Market potential for multi-channel interactive digital TV and broadband services is identified and rising. However, availability of low-cost, easily-installed "last mile" end-user access is a serious barrier to exploitation. Low-power cellular wireless, coupled with in-band interactive return links, offers a potentially attractive solution.
CABSINET intends to clarify the technical and commercial uncertainties surrounding this area. The main objectives are:
to design, build and demonstrate a working interactive cellular TV architecture at 40 GHz, capable of the delivering both broadcast and ATM-derived multimedia services
to compare the performance of this system with identified market requirements
to derive an exploitation plan for such services in the short/medium term
to determine the potential for migration (e.g. to near-symmetric interactive broadband services)
The project will liaise with the CRABS project in technical and commercial assessments.
The output of the project will include:
A proven and flexible Architecture for supporting interactive cellular TV and ATM-derived services, as well as possible future extended broadband services
Extension of know-how in key fields such as protocols, MAC techniques, frequency / cell management, coding & modulation
New authoritative inputs to emerging DVB/DAVIC and telecommunications standards
Reliable planning/simulation Tools so that roll-out of services can proceed smoothly and efficiently
The project aims to have identifiable impact and benefit for both industry and public:
stimulation of new multimedia services, creating benefit for all parties involved in the value-chain
delivery of new services (e.g. entertainment, healthcare, education) to users either currently unable to receive fibre in the home, or for whom such provision is uneconomical
acceleration of the production of affordable equipment, and facilitation of competitive supply of such equipment
positioning of European industry favourably for leadership in an important new market arena
Main contributions to the programme objectives:
Development and demonstration of two layer LMDS system with interactivity operated in the 40.5-42.5 Ghz and 5.2 Ghz frequency bands based on terrestrial technology.
Contribution to the programme
Development of inexpensive broadband access for Interactive Multimedia Services.
Technically, the work will break new ground on several fronts:
a novel cellular Two-Layer Network (TLN), with Macrocells serving a locality and Microcells serving specific terminal clusters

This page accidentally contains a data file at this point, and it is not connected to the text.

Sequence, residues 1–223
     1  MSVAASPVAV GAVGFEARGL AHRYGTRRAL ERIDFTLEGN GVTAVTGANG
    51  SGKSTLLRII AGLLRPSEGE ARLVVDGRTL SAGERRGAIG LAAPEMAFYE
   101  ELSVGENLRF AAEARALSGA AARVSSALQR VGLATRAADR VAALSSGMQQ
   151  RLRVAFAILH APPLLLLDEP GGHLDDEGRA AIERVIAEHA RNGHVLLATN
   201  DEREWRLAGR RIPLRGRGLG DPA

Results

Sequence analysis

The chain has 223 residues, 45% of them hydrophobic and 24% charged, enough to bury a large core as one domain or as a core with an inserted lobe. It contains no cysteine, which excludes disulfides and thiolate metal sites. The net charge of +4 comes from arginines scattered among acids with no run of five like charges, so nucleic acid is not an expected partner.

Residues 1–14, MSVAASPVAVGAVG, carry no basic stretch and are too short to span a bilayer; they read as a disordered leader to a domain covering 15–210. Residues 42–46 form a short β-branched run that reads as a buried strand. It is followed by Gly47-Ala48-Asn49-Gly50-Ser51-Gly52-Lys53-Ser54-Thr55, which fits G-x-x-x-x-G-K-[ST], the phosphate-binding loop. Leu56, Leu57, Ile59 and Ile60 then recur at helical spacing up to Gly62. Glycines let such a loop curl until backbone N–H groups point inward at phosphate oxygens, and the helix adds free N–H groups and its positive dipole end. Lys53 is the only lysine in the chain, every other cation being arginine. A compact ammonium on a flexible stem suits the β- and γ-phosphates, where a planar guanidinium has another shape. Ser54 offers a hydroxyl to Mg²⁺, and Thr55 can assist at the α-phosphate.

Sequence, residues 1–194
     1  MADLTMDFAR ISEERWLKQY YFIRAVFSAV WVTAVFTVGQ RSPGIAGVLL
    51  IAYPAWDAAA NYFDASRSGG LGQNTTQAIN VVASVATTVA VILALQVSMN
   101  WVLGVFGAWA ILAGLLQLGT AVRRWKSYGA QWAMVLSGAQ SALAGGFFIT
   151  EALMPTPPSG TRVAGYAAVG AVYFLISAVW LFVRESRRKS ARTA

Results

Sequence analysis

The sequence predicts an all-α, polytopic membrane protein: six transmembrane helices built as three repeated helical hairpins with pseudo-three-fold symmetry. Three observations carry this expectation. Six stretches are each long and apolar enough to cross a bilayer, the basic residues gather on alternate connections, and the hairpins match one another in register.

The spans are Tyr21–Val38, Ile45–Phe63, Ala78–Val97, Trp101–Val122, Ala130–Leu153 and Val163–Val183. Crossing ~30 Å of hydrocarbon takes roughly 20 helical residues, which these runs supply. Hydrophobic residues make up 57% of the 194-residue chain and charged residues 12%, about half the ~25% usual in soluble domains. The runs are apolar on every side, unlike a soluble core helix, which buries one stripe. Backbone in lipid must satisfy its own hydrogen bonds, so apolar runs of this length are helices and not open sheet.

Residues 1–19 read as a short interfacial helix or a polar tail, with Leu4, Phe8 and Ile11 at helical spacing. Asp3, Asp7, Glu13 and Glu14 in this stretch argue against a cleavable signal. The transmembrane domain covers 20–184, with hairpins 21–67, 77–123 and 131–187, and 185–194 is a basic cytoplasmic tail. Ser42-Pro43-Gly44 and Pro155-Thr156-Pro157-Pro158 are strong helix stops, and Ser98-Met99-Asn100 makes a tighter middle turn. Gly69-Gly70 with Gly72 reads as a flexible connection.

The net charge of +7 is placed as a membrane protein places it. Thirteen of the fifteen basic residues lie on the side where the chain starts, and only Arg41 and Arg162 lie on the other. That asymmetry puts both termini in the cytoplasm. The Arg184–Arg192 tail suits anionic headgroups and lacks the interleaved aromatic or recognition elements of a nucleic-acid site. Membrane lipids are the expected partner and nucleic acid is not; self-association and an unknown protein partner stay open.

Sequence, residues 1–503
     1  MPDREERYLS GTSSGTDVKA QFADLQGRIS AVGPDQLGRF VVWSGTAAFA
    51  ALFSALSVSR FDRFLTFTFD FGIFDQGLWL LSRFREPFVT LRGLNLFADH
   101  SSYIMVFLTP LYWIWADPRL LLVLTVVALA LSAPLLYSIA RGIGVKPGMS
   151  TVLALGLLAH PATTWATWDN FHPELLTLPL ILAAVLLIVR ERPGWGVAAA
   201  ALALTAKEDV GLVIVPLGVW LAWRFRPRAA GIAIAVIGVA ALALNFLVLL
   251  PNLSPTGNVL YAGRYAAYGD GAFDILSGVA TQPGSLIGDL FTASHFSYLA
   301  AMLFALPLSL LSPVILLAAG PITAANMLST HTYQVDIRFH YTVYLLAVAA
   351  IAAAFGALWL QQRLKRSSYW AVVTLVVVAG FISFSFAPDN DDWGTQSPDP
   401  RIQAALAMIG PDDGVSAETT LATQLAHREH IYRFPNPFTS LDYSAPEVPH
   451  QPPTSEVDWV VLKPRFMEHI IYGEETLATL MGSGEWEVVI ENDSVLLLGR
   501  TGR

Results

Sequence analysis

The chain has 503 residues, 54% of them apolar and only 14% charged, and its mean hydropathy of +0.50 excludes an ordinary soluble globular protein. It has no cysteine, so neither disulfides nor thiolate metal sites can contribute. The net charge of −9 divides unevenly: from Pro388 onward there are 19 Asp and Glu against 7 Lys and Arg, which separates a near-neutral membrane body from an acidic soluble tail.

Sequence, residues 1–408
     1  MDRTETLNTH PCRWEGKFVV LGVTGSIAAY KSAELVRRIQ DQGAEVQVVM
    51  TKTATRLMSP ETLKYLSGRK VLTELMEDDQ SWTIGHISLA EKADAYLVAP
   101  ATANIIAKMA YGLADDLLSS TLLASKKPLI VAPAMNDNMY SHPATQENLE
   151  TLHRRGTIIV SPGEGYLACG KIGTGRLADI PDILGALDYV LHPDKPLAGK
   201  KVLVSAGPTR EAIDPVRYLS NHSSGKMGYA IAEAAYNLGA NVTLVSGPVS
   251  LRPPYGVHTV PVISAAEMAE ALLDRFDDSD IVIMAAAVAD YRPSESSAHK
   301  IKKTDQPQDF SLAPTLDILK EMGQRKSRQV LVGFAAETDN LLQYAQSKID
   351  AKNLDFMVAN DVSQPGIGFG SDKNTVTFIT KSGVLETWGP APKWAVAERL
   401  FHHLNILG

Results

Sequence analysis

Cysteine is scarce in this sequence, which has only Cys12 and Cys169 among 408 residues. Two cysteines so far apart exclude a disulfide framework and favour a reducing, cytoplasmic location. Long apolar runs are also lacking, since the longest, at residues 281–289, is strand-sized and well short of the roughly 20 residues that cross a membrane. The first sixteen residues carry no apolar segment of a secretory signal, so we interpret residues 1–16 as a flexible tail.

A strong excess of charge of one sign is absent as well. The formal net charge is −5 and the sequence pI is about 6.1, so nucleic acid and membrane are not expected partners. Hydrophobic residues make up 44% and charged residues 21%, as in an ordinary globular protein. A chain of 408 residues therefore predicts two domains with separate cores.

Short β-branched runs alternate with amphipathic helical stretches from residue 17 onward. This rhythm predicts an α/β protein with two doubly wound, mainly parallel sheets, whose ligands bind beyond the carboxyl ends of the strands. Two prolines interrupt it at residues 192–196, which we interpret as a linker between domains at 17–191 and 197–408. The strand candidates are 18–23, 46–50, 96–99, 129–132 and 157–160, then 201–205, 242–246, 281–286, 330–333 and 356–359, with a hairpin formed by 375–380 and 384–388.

an innovative 40 GHz in-band wireless return link (using both TDMA and CDMA spread spectrum) will maximise interference immunity and be able to migrate from asymmetric to near-symmetric broadband interactivity
flexible terminal support, including 'fixed' units and 'nomadic' wireless units with limited mobility, and service delivery to terminals inside buildings
Development will focus on the optimisation of modulation, coding and DSP methods to maximise performance in difficult propagation conditions. DVB and DAVIC standards will be followed wherever possible.
Summary of Trial
The trial will involve Macrocell and Microcell deployment in Berlin, connected via a trans-European ATM link to the JASMIN platform in Rennes. Real interactive cellular TV applications, together with ATM-derived services, will be run to determine performance and user acceptability.
Both line-of-sight connections to 'fixed' terminals, and in-building delivery to 'nomadic' terminals, will be shown.
User surveys will be conducted with 2 types of demonstration:
Interactive TV. At least 4 programmes will be presented with 4/3 and 16/9 aspect ratios. Surround sound, a TV Guide and Pay TV will be demonstrated.
Interactive multimedia services. Video on Demand, News on Demand and other ATM-derived services will be demonstrated.
Formal viewer reaction surveys will be conducted with samples of individuals invited to the viewing rooms.
Key issues include:
Standards recommendations and spectrum allocations are incomplete (particularly covering the return link)
System design involves a sensitive optimisation of bandwidth needs, propagation issues and system performance parameters
A suitable architecture must permit reliable reception and interactivity both to and within user locations where cabling may be disruptive and high in cost
Standardised access should be provided to both fixed and nomadic terminal equipment from a variety of source possibilities - e.g. satellite, cable, B-ISDN, Internet
An adequate numbers of users per cell must be supported
Funding SchemeCSC - Cost-sharing contracts
BT7 1NN Belfast